Kelly Updike for PCNRC
Over the past month, I’ve had a variety of staffers in my office. Individually, in groups, in tears, in anger. Tired. Discussing projects, deadlines, budgets, goals, each other.
Oh, and I caught a fever and felt completely useless for about two weeks. Allergies. A cold. Flu? Ugh. It’s never the right time to be off work.
All this happened while the Embassy was in the midst of celebrating its $10 million renovation project, which was decades in the making and finally, finally seeing fruition.
We are proud. We are also crabby.
You are in the same shape, I bet: Feeling you are blessed while also wondering what the heck is wrong with people, holy cow!
What to do? Well, it took some thought, but we went back to our same-old, same-old:
- Slow down.
- Keep talking.
- Write it down.
Life moves too fast and there is too much to do. Our staff has been encouraging each other to celebrate accomplishments. Remember that old phrase about stopping to smell the roses? Yeah, do that with the flowers in your own garden! And, then, by talking with teammates and checking the calendar, our staff also is encouraging each other to pause. Take a deep breath. Figure out what’s really important to do next. It does take time to do the right things in the right order.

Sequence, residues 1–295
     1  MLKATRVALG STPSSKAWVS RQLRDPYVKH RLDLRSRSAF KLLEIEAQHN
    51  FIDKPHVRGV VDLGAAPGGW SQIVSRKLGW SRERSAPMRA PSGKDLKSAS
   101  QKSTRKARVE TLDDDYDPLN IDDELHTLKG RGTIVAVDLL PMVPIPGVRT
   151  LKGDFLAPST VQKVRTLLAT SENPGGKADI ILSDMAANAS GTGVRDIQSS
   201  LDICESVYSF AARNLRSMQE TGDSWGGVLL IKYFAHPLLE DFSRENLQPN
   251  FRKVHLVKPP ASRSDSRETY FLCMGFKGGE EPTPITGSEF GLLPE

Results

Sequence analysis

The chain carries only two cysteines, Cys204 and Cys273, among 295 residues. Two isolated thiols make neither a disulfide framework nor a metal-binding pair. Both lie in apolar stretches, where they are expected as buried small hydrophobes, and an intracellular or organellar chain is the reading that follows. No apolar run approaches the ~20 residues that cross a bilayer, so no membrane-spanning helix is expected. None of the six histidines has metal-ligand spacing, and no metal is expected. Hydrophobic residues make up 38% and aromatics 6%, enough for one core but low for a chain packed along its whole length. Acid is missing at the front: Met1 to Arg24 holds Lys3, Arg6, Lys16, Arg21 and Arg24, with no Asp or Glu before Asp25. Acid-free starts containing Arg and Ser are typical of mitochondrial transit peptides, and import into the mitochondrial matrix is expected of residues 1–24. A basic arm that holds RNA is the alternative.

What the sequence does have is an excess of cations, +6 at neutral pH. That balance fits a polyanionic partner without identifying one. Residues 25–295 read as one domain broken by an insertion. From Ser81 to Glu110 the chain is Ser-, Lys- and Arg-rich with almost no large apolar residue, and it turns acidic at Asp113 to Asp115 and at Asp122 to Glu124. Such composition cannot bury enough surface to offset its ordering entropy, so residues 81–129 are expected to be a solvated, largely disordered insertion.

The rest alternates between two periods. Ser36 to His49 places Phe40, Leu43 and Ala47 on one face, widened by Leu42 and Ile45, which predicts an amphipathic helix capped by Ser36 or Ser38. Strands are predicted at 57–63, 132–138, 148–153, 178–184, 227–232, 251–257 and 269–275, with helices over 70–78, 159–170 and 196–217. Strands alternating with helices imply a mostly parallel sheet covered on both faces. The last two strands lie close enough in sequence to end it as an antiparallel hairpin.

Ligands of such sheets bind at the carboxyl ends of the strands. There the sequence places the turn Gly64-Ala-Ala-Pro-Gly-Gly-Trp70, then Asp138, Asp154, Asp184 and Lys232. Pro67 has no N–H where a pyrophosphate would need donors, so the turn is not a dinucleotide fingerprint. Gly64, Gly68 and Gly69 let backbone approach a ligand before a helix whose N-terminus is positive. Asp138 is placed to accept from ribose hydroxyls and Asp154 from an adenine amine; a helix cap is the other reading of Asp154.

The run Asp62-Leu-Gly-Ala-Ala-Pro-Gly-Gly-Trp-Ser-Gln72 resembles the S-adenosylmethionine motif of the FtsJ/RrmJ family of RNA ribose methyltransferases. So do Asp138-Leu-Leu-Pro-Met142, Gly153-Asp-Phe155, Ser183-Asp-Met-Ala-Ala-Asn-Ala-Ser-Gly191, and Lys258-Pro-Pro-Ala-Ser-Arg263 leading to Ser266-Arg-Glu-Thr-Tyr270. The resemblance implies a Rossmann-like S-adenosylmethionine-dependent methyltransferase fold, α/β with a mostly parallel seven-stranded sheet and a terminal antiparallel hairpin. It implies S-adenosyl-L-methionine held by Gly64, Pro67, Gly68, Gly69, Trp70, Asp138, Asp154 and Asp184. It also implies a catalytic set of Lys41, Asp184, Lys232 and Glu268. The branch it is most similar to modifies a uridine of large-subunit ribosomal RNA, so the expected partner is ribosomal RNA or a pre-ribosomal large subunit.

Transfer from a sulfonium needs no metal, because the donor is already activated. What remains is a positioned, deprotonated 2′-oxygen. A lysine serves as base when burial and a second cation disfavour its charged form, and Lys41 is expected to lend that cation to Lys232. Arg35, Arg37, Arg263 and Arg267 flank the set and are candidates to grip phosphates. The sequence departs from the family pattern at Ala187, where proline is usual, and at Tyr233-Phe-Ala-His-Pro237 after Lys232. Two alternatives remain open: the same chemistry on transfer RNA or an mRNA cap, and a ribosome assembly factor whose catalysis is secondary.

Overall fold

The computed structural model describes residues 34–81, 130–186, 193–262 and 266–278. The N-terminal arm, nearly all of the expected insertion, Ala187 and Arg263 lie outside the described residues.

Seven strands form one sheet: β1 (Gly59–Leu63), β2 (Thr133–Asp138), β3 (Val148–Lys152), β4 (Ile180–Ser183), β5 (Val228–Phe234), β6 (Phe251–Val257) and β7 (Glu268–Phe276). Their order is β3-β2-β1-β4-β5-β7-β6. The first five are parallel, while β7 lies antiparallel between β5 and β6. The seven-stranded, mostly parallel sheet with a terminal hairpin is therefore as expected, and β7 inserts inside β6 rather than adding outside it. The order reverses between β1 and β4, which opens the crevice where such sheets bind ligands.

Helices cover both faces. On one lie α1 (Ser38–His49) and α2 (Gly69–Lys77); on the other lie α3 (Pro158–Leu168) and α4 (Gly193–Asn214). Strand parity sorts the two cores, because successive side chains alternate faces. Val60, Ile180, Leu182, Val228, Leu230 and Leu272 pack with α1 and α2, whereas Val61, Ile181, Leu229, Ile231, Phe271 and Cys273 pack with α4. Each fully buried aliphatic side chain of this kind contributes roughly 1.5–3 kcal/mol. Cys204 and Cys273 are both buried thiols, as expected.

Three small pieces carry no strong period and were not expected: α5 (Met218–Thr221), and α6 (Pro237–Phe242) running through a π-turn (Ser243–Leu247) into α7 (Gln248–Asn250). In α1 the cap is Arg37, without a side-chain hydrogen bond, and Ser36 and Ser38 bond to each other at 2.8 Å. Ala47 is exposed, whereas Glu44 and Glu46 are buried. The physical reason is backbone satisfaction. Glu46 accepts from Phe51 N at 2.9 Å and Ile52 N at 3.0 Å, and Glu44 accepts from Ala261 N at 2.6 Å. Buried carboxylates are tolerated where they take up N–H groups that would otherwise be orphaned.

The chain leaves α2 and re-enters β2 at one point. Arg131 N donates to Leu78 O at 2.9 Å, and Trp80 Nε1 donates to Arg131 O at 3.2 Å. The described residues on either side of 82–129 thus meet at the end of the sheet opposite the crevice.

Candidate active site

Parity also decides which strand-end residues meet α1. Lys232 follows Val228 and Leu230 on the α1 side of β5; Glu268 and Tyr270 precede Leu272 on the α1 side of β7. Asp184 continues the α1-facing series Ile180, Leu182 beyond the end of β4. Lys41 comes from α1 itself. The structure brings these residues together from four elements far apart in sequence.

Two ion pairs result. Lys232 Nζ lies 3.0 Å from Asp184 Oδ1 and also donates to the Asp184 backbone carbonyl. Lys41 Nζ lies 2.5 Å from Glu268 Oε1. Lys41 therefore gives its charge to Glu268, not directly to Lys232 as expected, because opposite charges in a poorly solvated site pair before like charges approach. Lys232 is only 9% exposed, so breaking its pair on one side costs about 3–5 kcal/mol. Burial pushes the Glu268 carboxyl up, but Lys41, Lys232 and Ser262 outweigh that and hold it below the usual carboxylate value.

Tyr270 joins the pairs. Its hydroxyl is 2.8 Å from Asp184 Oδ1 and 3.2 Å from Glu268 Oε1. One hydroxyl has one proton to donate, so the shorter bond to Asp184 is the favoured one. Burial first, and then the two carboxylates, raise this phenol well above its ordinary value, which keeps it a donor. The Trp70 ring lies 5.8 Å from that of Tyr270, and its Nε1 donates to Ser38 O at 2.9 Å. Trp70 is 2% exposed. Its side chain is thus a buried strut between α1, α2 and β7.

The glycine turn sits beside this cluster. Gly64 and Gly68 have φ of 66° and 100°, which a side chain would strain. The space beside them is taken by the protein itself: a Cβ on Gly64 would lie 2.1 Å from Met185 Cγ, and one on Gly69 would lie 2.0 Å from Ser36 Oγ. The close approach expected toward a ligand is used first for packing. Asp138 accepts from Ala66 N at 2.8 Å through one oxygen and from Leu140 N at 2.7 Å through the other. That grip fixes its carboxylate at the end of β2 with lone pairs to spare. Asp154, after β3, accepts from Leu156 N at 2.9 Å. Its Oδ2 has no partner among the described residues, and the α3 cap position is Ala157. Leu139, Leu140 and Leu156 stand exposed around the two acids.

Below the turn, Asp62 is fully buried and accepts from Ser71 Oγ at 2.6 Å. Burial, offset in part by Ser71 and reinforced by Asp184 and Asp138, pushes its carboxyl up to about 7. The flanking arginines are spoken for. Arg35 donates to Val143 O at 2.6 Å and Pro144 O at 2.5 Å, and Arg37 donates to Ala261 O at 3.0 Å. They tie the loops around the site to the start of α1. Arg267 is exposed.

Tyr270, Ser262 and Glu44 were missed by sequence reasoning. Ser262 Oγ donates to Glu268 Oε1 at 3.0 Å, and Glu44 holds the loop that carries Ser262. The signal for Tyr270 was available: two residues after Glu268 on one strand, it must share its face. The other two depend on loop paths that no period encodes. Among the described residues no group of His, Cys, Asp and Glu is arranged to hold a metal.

Communication is the root of every success and every problem. I am blessed to work with terrific people, from staff to volunteers to board members. Keeping everyone on the same page is desperately important, so we have to make time to write emails, make calls and take meetings. Working in silos is so 1990s.
The last point is one I have to defend all the time because everyone thinks it is lame. Au contraire! Write down your plans: Make a list of the tasks for your project. Add columns to list who is responsible for doing each task and by what date. Distribute this document and update your progress. What is this amazing thing called? A checklist! Yes, that’s the lame-o part. It’s just so darn simple.
We routinely have to train staffers to write down procedures and plans. And then to use the checklist and keep it updated. This is not their favorite thing to do. They will tell you that you are old-fashioned. They will tell you they don’t have time. They will lie about updating the checklist until you ask to see it. This, however, is the organization’s lifesaver. Every time. It’s like a miracle mop, it just works. It’s a great communications method, it covers all the bases. And a checklist is a great training tool for new staffers. It’s also a great reminder for old hands.
Checklists are so terrific that I have them for myself. My top two favorites: A list of building inspections and maintenance tasks broken down into each month of the year and my checklist for board meeting preparations.
We’re not disgustingly cheerful at the Embassy but we have regained our composure. Instead of passing around tissues, we are back to passing around checklists.
The postings on this site are my own and do not necessarily reflect the view of the Embassy or the PCNRC.